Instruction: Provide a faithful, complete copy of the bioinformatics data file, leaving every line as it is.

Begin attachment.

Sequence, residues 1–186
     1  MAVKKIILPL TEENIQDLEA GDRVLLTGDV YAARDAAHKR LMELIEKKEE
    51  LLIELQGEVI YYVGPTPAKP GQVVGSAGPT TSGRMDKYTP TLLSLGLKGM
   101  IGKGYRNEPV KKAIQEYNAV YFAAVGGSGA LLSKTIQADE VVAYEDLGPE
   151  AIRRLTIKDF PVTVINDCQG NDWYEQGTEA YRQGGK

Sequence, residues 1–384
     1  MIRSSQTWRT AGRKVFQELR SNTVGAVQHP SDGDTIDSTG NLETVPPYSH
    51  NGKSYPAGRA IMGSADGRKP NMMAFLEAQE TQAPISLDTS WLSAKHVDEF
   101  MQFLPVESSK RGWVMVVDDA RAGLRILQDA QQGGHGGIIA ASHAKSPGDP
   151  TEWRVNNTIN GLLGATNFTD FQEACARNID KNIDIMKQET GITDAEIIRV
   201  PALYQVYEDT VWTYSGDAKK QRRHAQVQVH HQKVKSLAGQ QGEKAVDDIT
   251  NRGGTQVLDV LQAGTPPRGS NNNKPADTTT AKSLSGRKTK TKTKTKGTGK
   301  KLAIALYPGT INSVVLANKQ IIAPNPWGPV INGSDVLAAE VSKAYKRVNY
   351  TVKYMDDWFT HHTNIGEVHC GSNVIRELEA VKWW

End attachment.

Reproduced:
Sequence, residues 1–186
     1  MAVKKIILPL TEENIQDLEA GDRVLLTGDV YAARDAAHKR LMELIEKKEE
    51  LLIELQGEVI YYVGPTPAKP GQVVGSAGPT TSGRMDKYTP TLLSLGLKGM
   101  IGKGYRNEPV KKAIQEYNAV YFAAVGGSGA LLSKTIQADE VVAYEDLGPE
   151  AIRRLTIKDF PVTVINDCQG NDWYEQGTEA YRQGGK

Sequence, residues 1–384
     1  MIRSSQTWRT AGRKVFQELR SNTVGAVQHP SDGDTIDSTG NLETVPPYSH
    51  NGKSYPAGRA IMGSADGRKP NMMAFLEAQE TQAPISLDTS WLSAKHVDEF
   101  MQFLPVESSK RGWVMVVDDA RAGLRILQDA QQGGHGGIIA ASHAKSPGDP
   151  TEWRVNNTIN GLLGATNFTD FQEACARNID KNIDIMKQET GITDAEIIRV
   201  PALYQVYEDT VWTYSGDAKK QRRHAQVQVH HQKVKSLAGQ QGEKAVDDIT
   251  NRGGTQVLDV LQAGTPPRGS NNNKPADTTT AKSLSGRKTK TKTKTKGTGK
   301  KLAIALYPGT INSVVLANKQ IIAPNPWGPV INGSDVLAAE VSKAYKRVNY
   351  TVKYMDDWFT HHTNIGEVHC GSNVIRELEA VKWW